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Career Development May Not Always Be a Ladder

The vertical, horizontal, and angled bars of a jungle gym depict how career development may not always be in the shape of a ladder.

Leaders Should Help Their People Understand That You May Have To Go Sideways To Go Up.

In order to advance, it is important to think about not just  development within your current role, but also your career. This can seem like a big task for anyone, especially those that may not have any specific career goals or direction. Reflecting about what interests you, and what might be good opportunities or paths can help with this.

Sheryl Sandberg, Chief Operating Officer of Meta, famously spoke of the “career jungle gym”.  According to her, it’s the idea that you don’t have to have a set plan for your career development because you don’t know what opportunities might arise in the future. If we look at this concept from an internal organizational perspective, it’s championing the mindset that you don’t always have to move up in an organization to move ahead.

The career jungle gym highlights and encourages growing your skillset in your current position or making a lateral move to utilize your current skills in a new department and develop new skills. For those that do want to move up, the jungle gym mindset can help expand your understanding of the business by working in and with different departments.  

As a leader, it can be easy to get stuck in the career ladder focus, thinking that to develop, an individual must have a goal of a higher position/title. This bias can impact who and how leaders develop their staff members, potentially missing out on some opportunities and perspectives.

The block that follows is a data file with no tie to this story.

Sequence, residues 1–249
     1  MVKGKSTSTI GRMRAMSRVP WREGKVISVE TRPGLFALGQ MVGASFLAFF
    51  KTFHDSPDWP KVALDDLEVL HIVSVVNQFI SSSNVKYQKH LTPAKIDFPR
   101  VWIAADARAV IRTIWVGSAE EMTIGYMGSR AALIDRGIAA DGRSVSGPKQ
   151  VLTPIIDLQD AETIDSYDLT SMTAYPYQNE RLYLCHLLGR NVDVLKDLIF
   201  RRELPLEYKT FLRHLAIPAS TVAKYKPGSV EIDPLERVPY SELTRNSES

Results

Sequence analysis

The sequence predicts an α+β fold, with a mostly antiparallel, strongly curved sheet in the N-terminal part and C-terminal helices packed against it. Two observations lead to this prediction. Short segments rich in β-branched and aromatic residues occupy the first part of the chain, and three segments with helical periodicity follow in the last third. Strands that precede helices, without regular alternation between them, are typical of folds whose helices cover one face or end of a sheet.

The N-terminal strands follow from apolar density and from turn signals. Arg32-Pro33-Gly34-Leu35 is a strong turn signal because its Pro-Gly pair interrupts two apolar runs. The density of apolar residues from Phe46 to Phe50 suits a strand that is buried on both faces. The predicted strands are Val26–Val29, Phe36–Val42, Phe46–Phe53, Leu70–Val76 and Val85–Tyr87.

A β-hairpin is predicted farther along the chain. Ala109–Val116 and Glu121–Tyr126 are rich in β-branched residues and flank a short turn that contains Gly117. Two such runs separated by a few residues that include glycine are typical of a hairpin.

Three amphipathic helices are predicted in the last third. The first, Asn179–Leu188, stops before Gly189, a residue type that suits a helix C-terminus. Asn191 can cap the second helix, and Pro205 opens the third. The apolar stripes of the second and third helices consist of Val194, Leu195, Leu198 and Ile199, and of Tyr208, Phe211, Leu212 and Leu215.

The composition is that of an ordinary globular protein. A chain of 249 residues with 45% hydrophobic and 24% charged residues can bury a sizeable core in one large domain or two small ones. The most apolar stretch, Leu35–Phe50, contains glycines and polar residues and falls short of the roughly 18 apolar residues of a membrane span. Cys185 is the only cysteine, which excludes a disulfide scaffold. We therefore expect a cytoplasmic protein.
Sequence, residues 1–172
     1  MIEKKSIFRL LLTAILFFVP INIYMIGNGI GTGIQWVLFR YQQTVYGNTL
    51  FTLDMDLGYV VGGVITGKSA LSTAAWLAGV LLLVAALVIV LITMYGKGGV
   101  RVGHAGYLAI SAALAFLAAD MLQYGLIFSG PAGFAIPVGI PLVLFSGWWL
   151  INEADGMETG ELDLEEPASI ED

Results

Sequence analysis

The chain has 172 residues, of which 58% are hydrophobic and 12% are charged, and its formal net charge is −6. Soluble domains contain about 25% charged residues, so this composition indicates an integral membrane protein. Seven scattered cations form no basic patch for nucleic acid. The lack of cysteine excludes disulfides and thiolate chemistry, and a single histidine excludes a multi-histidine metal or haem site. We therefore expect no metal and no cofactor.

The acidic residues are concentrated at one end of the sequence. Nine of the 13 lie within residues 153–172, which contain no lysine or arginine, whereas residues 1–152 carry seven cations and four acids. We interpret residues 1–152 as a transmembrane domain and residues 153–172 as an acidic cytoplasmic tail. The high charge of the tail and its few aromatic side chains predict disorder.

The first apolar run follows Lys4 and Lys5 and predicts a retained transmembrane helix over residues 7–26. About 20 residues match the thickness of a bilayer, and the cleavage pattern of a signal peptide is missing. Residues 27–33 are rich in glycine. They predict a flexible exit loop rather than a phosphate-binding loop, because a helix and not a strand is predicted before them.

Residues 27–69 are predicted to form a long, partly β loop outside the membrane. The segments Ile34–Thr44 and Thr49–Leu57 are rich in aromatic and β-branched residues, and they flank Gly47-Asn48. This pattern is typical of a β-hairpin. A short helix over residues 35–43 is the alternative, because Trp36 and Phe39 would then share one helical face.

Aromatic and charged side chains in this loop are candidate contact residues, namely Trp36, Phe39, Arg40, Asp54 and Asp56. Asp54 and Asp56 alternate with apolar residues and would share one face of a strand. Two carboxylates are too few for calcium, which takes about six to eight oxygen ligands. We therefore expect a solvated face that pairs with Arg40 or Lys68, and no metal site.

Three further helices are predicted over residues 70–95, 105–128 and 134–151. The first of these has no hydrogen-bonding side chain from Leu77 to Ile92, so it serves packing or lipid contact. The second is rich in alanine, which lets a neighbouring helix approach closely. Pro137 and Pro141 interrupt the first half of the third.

Supporting the idea of a career jungle gym is critical to supporting the career development of all staff within your nonprofit or other organization.

Use the questions below to reflect on how well you support development of your staff at all levels. As needed, identify actions you can take to serve as a development resource for your staff.

  • Do I work with my staff to develop competencies not just critical for their position, but to the organization? 

  • Do I support lateral moves to expand an individual’s knowledge of the organization? 

  • Do I encourage or sponsor cross-departmental relationships and project teams? 

  • Do I ask my staff about their individual career goals, both short- and long-term?

If an individual does not want to move up, it doesn’t mean they can't move around. Harness the knowledge and experience of your employees by supporting lateral moves, cross-functional project teams and expansion of current skillsets.

 Be Talented  TalentED Mark 


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